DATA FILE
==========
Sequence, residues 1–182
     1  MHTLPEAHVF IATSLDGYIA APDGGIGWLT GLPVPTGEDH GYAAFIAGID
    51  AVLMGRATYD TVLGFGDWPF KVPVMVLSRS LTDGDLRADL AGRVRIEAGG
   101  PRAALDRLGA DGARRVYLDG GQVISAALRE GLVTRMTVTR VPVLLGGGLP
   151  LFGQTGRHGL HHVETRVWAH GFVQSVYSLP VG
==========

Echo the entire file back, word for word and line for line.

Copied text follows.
Sequence, residues 1–182
     1  MHTLPEAHVF IATSLDGYIA APDGGIGWLT GLPVPTGEDH GYAAFIAGID
    51  AVLMGRATYD TVLGFGDWPF KVPVMVLSRS LTDGDLRADL AGRVRIEAGG
   101  PRAALDRLGA DGARRVYLDG GQVISAALRE GLVTRMTVTR VPVLLGGGLP
   151  LFGQTGRHGL HHVETRVWAH GFVQSVYSLP VG